Summary of Session on Moses/Exodus (12/10/13)

Michelangelo's MosesTuesday’s session on Moses and the Exodus event was a very enriching experience! Unfortunately, we had 2 students absent, including the one who asked the great question last week about whether or not God was doing bad things by sending the plagues upon the Egyptians. I had hoped she would be present to benefit from our further exploration of the topic.

We started by giving the kids a quiz on the first 3 commandments which required them to actually write out those commandments in full. 6 of the 7 got all 3 correct (give or take a word here or there) and one student missed 1 of the commandments. In all, I’d say that we’re off to a good start in having the kids take all 10 Commandments to heart.

We then prepared the kids to go over to church for adoration. We talked about the meaning of the word adoration and I drew a picture of a monstrance on the board and we talked about the meaning of the word (by comparing it to the word demonstrate – to show). I emphasized that this was time to spend in conversation with Jesus.

The kids were very well behaved and we walked them to the foot of the sanctuary, showed them to kneel (genuflect on both knees) before the Blessed Sacrament, and then allowed them to find any pew of their choice within one section of the church where they sat or knelt in silence for 10 minutes. 2 other classes entered the church during that time and about a half dozen parishioners were also present. Before we left, I took them up to the altar to see the monstrance up close and then, when we got back to the room, we talked about the meaning of the symbols built into its decoration.

Upon returning, we reviewed the first 8 questions of the  Prince of Egypt Video Discussion Guide and we took time to emphasize the name that God revealed to Moses (I am who am / YHWH / Yawheh) and they were particularly interested in this mysterious revelation of God.

We then took up the question of whether or not God was doing bad things by punishing the Egyptians. I introduced the notion of “righteous anger” and we talked about situations in which anger is a good thing. I explained that, if one of them were being bullied at school, and another friend stood by without doing anything, they would be hurt and upset. However, if that friend got angry and intervened, we would know that they were a true friend. We then emphasized that God was acting on behalf of the powerless, that Pharaoh was guilty of a serious sin – the enslavement of other humans, and that God provided 9 opportunities for Pharaoh to repent before unleashing the worst of the plagues – the death of the firstborn. In all, we can conclude that God’s anger was righteous, measured, and justified…that he is truly, “slow to anger.”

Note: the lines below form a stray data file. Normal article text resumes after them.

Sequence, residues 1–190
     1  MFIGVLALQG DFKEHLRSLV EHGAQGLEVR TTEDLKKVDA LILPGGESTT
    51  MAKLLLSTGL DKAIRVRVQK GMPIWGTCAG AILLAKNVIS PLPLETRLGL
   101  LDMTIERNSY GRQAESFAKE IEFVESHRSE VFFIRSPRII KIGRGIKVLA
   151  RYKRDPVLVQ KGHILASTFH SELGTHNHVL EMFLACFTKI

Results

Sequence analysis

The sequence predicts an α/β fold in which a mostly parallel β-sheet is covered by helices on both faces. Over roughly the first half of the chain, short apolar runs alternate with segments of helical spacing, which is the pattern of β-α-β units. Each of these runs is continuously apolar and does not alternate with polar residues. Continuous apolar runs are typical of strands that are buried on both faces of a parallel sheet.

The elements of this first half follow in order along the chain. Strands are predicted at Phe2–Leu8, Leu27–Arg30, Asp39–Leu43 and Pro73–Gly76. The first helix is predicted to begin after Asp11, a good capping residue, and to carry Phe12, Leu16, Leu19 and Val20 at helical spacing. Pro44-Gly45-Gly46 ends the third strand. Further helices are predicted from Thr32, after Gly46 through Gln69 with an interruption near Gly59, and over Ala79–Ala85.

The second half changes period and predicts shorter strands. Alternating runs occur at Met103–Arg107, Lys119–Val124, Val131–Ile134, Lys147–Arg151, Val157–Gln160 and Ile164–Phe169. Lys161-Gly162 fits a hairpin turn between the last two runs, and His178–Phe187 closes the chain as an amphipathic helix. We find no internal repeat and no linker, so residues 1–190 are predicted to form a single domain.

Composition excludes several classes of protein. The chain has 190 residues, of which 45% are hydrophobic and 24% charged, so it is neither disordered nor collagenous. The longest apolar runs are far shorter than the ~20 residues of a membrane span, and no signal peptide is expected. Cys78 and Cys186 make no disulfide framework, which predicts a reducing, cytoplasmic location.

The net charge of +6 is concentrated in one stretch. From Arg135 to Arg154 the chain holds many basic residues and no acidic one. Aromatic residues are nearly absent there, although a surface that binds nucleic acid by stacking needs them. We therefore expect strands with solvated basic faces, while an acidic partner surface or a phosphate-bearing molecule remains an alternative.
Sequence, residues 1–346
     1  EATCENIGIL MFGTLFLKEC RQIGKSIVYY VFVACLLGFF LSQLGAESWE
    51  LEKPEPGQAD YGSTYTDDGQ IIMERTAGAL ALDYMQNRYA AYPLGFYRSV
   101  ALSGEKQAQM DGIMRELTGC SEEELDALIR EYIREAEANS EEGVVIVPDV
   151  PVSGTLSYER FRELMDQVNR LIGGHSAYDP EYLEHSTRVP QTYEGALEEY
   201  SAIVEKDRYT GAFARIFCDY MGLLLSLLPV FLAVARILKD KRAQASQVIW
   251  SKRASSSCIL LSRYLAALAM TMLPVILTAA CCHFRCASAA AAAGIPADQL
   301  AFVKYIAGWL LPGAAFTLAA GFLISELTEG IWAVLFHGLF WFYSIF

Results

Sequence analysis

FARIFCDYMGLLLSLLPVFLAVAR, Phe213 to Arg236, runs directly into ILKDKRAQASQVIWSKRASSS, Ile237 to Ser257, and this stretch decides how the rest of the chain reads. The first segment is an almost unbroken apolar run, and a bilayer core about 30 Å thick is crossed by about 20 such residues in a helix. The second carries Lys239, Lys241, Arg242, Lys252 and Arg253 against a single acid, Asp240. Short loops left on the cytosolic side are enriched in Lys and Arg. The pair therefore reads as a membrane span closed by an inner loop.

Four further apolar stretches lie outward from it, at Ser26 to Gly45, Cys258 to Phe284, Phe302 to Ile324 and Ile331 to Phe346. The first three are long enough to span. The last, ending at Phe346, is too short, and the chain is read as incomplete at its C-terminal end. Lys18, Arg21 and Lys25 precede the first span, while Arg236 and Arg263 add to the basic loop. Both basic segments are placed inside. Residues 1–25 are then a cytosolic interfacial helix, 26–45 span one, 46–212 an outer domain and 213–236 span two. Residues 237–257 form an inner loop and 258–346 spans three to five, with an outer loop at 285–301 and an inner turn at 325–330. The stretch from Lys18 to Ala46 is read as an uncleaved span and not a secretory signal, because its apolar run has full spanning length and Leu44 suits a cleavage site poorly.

We then watched the remainder of The Prince of Egypt and the kids really enjoyed it. We paused at the moment when the Hebrew people are instructed to kill a lamb and to smear its blood on their doorposts so that the angel of death would pass over them. We talked about how we are saved by the blood of the Lamb of God – Jesus. When the video was over, we completed the rest of the questions  on the Prince of Egypt Video Discussion Guide and in particular, spent time talking about the crossing of the Red Sea and the connection to the waters of baptism. It was a very rich discussion.

The kids were sent home with the assignment of learning the next 4 Commandments (4 through 7) which should be easy since they are so short.

Next week, the kids have Reconciliation so we will only have them in class for 10 minutes or so! Just enough time to give them a quiz on the first 7 commandments and wish them a Merry Christmas!

[photo courtesy of  Lawrence OP via Compfight]

About Joe Paprocki 2742 Articles
Joe Paprocki, DMin, is National Consultant for Faith Formation at Loyola Press, where, in addition to his traveling/speaking responsibilities, he works on the development team for faith formation curriculum resources including Finding God: Our Response to God’s Gifts and God’s Gift: Reconciliation and Eucharist. Joe has more than 35 years of experience in ministry and has presented keynotes, presentations, and workshops in more than 100 dioceses in North America. Joe is a frequent presenter at national conferences including the Los Angeles Religious Education Congress, the Mid-Atlantic Congress, and the National Conference for Catechetical Leadership. He is the author of numerous books, including the best seller The Catechist’s Toolbox, A Church on the Move, Under the Influence of Jesus, and Called to Be Catholic—a bilingual, foundational supplemental program that helps young people know their faith and grow in their relationship with God. Joe is also the series editor for the Effective Catechetical Leader and blogs about his experiences in faith formation at

1 Comment

  1. I’m glad to hear how that conversation about the plagues turned out. Sounds like you found a very kid-accessible way to talk about it!

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